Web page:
Protecting creditor rights is of course an important reason why insisting on servicing such debt may be a good idea. But when housing markets have gone through sharp corrections, followed typically by a downturn in the business cycle, such arguably unproductive loans may not be isolated cases, but rather wider spread. From a macroeconomic perspective, one ought to therefore at least consider whether the benefits of “creative destruction” outweigh the costs of violating creditors’ rights. The European Commission alludes to this in its last country report for the Netherlands.
Finally, there is also a category of temporarily distressed loans or strategic defaults. This includes either debts that are temporarily in distress but could return to being performing or loans that are non-performing by choice. The latter are the result of moral hazard where debtors choose not to pay back debt even when economically feasible. Evidence shows that strategic defaults increase as negative equity on mortgages increases, and especially when there is no full recourse. However, households’ likelihood to default strategically is shown to be also associated with perceptions of fairness, but also decreasing with the perceived risk of negative consequences of doing so (stigma, negative credit ratings etc). In this respect, indiscriminate protection of debtors or the less than perfect ability to collect collateral may lead to more strategic defaults.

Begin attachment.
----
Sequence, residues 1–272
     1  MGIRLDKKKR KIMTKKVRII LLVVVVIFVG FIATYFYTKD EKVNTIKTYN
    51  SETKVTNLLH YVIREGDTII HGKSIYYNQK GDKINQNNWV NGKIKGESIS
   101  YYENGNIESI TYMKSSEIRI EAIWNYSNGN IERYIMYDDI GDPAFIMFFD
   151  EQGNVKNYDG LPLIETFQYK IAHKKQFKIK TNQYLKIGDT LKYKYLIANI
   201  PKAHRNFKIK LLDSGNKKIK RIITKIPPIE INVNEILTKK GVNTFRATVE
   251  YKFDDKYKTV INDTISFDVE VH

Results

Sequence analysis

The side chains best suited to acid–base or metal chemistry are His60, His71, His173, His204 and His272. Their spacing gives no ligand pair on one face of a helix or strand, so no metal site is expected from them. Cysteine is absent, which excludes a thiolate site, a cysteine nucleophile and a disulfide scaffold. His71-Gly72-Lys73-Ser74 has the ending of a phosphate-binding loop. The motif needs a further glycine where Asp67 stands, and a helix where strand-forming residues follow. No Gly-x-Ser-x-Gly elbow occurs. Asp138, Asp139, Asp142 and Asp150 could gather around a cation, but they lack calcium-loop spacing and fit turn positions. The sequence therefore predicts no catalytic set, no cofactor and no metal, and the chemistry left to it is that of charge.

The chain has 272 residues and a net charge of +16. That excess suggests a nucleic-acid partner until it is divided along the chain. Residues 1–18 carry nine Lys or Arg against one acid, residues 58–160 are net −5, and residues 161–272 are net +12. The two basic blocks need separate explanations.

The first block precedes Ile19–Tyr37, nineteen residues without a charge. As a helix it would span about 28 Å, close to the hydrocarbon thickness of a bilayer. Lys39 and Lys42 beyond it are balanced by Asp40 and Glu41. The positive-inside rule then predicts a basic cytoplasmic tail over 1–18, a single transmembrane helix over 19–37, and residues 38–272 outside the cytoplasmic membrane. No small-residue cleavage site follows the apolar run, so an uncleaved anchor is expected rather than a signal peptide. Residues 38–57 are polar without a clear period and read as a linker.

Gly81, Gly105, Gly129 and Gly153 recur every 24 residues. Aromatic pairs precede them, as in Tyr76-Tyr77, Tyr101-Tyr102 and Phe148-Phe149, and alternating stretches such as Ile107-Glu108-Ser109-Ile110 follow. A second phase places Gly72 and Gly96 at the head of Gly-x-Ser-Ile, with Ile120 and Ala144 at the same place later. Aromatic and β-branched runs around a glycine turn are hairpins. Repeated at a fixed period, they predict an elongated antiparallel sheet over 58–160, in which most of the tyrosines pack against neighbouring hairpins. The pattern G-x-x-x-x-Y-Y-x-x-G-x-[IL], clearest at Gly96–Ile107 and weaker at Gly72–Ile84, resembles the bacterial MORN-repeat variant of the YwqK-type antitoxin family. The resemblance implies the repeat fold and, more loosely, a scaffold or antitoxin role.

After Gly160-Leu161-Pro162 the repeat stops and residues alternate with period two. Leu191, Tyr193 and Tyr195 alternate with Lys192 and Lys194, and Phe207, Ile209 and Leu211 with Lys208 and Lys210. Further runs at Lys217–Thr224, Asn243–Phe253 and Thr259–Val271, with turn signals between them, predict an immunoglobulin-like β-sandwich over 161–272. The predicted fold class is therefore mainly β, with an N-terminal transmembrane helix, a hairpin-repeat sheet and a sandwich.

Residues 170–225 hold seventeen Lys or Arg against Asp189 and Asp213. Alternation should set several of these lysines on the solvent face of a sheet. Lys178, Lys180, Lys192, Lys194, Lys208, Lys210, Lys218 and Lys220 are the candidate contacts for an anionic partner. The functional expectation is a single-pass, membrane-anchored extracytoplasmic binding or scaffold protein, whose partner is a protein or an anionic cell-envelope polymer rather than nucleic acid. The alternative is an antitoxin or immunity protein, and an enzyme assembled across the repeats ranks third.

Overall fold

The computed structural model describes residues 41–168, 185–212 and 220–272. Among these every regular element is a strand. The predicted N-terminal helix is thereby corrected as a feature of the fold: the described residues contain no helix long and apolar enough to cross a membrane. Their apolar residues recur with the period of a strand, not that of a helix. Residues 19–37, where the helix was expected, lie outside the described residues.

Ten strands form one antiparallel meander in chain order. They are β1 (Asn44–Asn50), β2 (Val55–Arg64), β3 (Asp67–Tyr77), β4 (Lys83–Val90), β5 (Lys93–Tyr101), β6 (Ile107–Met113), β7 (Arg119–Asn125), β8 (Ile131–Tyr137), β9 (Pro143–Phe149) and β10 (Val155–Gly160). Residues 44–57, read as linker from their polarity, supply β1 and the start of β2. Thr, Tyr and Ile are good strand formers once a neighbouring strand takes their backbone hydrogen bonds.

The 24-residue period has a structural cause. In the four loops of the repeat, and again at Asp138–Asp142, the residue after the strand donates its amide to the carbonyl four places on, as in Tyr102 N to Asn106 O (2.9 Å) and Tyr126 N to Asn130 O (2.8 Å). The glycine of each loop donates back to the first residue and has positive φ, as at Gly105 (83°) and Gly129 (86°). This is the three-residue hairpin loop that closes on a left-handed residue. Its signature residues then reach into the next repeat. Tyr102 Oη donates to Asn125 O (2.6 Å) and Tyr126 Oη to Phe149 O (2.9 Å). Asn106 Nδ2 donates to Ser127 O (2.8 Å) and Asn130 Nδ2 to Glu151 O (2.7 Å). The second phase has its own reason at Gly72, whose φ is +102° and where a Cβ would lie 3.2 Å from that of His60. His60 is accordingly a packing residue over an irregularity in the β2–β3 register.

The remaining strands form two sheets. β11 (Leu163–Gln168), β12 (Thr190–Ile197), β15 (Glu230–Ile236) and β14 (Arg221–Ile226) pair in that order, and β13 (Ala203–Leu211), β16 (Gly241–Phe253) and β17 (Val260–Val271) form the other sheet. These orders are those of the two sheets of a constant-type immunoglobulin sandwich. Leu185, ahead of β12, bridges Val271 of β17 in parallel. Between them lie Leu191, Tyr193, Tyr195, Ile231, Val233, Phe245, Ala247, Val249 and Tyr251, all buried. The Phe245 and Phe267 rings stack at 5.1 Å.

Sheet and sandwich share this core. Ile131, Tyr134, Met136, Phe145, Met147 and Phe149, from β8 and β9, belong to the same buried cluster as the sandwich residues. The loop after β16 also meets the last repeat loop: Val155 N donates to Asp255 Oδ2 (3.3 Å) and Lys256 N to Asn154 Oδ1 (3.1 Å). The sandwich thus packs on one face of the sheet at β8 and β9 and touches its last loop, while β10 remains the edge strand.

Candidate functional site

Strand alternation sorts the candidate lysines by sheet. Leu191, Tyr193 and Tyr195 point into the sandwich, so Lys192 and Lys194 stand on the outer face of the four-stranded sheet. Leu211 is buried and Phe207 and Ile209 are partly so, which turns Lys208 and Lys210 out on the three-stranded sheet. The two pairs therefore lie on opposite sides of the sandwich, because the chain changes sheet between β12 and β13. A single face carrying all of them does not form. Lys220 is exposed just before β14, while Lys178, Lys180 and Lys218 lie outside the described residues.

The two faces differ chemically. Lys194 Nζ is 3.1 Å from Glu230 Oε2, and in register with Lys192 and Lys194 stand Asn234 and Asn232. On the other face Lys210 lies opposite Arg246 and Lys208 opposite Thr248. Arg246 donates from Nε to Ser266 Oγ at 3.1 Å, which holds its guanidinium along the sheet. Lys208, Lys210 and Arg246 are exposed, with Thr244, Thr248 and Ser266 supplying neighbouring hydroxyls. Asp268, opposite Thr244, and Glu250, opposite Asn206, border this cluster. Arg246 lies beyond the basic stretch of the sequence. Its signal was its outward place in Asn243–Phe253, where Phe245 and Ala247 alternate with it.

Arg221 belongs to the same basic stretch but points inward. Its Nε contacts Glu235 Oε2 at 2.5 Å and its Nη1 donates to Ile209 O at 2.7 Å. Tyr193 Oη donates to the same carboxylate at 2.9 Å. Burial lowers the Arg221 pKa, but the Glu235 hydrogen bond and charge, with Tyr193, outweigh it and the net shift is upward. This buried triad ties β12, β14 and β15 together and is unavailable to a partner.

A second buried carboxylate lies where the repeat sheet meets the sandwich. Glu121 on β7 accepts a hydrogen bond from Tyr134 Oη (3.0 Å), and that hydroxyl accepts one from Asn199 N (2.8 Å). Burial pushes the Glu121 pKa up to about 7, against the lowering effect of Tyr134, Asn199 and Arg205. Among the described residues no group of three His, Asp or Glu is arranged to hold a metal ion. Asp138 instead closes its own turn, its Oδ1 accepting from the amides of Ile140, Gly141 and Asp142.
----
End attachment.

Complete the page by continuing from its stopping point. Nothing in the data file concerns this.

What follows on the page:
Resolute action to remove non-performing loans from banks’ balance sheets should address both the supply and demand side of credit. Removing bad loans from bank’s balance sheet is important for their health and financial stability more generally. But removing them also from the debtors’ balance sheet is equally necessary if new credit is to be demanded.
Given the four categories presented above, understanding debtors’ true ability to pay back debts and restructure appropriately is crucial in this process. But aligning incentives between the different parties involved, creditors, debtors and relevant institutions (supervisors, regulators but also tax authorities and courts) is equally important.
The aim is to have as much debt fall in the “good” category. If loans are only temporarily distressed, they need to be identified as such and assisted in becoming productive again. Banks should be incentivized to deal with this in a timely manner.
Unproductive loans could be reduced if, for example, the possibility of walking away from debts through bankruptcy was not protracted and/or unforgiving. But here, while banks do not have an immediate incentive to either identify or deal with such loans, macroeconomic policy makers do, in particular when their size is systemic to the economy. Data on debtors failing to make other payments, like taxes or health insurance contributions, could serve as important indicators of financial distress. Such loans should then be assisted in becoming “bad”, which in turn should be treated swiftly to help redirect resources to productive activities. Enforcement and the rule of law are important in identifying “non-performance”; aligned incentives and bank involvement are important in determining “viability”.